Antipan encourages CUPW’s approximately 1,800 Edmonton workers to take an interest in politics, whether by pushing the province to raise the minimum wage or invest in education, or by lobbying Ottawa to impose sanctions on a corrupt international regime. Even globalization, which seems far removed from the hazards of an overweight mail satchel, is relevant. Free-trade laws affect postal workers. Courier UPS is suing Canada Post over what it deems unfair competition.

“We want globalization from below,” says Antipan. “Ordinary citizens gathering together and organizing.”

 

Louise Smith, Edmonton Raging Grannies

Born in the shadow of the world’s largest lead/zinc smelter, near Trail, B.C., Louise Swift moved to Edmonton in the early sixties for a change of scenery. She found a bookkeeping job, got married and gave birth to her first daughter. “I sort of knew about pollution,” says Swift, “but when Linda was born, that’s when my activism was really stirred up.”

Swift’s downstairs neighbour was a woman who wrote a book about abused children; her upstairs neighbour was a female potter. The anti-war and women’s rights movements were surging and the three friends talked often, sometimes about the row of refineries in east Edmonton. In 1970, with nobody answering their questions about the smokestacks, they started a group called STOP (Save Tomorrow, Oppose Pollution), part of a larger environmental network that worked with scientists and met with government. “But STOP,” says Swift, “would go out and raise hell.”

Angry about the marketing of laundry detergents full of phosphates, which harm water bodies when released into the ecosystem, STOP members would stuff shopping carts full of groceries at Safeway and proceed to the longest checkout line, then make a loud scene when they “discovered” they were buying a product with phosphates. They also started a postcard campaign that sent thousands of messages to provincial and federal politicians, at a time when confronting elected officials so bluntly wasn’t common. Eventually, detergents were pulled off the shelf and laws were reformed.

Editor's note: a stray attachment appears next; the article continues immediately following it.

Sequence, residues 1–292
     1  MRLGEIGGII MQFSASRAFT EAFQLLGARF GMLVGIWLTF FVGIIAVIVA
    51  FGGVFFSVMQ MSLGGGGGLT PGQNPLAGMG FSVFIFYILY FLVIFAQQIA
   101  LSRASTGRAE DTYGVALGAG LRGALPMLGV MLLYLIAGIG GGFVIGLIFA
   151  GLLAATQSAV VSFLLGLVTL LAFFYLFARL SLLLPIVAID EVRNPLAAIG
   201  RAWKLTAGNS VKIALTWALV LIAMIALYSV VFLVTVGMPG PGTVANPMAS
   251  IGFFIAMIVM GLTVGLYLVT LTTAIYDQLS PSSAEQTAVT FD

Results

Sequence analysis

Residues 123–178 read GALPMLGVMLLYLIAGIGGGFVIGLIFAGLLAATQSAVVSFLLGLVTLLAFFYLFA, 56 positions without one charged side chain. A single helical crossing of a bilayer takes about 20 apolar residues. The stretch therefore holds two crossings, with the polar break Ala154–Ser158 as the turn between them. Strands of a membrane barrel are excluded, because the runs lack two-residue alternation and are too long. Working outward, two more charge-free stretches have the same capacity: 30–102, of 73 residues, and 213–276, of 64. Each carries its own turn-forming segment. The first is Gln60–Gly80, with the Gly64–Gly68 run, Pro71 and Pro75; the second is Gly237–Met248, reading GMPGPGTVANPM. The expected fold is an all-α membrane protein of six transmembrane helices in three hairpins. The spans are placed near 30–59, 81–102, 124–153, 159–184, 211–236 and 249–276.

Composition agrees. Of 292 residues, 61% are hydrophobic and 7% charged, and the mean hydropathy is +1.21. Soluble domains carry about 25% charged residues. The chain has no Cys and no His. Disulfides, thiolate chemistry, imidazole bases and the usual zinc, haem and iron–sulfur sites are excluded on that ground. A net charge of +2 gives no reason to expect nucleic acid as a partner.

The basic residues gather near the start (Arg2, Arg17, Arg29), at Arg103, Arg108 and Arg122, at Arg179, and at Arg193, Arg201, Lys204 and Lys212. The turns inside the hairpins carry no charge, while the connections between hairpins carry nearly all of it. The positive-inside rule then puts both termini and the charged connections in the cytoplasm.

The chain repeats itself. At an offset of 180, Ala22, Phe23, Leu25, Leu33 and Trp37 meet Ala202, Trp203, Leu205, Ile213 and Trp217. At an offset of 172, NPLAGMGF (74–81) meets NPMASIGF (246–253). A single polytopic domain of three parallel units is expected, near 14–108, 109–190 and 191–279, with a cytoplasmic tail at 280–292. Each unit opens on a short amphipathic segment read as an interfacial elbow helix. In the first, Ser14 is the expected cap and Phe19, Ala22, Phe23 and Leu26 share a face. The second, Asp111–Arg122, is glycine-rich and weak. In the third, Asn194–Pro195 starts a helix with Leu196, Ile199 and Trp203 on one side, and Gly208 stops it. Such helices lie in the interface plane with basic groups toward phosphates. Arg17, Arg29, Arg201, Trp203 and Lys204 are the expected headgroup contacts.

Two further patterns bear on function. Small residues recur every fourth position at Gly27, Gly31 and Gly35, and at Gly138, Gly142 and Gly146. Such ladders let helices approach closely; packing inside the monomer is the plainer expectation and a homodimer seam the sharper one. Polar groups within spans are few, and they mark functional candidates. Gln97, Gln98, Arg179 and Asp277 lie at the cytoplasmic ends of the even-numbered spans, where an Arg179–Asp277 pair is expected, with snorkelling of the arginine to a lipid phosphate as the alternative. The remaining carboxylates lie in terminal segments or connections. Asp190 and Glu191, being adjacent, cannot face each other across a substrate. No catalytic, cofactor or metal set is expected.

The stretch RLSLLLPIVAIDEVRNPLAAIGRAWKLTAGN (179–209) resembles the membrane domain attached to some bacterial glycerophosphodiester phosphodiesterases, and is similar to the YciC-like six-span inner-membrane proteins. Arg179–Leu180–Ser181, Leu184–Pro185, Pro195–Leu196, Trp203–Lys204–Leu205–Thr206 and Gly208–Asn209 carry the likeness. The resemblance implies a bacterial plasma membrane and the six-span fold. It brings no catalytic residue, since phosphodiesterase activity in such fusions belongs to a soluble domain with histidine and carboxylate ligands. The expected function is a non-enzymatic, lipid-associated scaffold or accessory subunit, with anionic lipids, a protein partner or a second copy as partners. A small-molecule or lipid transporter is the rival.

Activism is alive and well in Alberta.

Drinking tea at home with her daughter Lorraine, who works for international development agency Change for Children, Louise reminisces about the early days of environmental activism in Edmonton. Lorraine, who was delivering New Democrat flyers for mom as soon as she could walk, reminisces, too. “Mom came to my school and did a slide show when I was in Grade 3,” she says. “Those were the days when everybody still littered. So STOP went to schools to talk about it. For me, it was horrific! It was my mom telling everybody what to do.”

STOP faded as environmentalism professionalized, but Louise kept going. In 1993, as Klein’s cuts began, she became a founding member of Edmonton’s troupe of Raging Grannies, who dress in old-fashioned outfits and sing protest songs at rallies. “There comes a time when you can’t go out and do the kind of things you’ve done in the past,” says Louise. “But you can go out and sing. People listen to us and respect us because we’re grandmothers.”

“It’s confounding for the media and the police,” says Lorraine. “They can’t lump the grannies in with the guy in the mohawk.”

“But in Seattle,” says Louise, “the grannies were tear-gassed too.”

 

Maria Dunn, Singer/Songwriter

New Year’s Eve, 1999. Maria Dunn stands shivering onstage at Edmonton’s main millennial bash in Churchill Square. The countdown is about to begin, and Dunn is set to play one more song. Rather than rip into a rousing Celtic party tune, she starts strumming “For Peace and Plenty,” a new song she’s written about a century of Alberta history. And then she sings: “While those who’ve always been here were slowly pushed aside/ Land and rights sub- merged beneath an overwhelming tide/ But it’s not some long-gone fairy tale, how the West was won/ Until we face the truth of it our healing can’t be done.”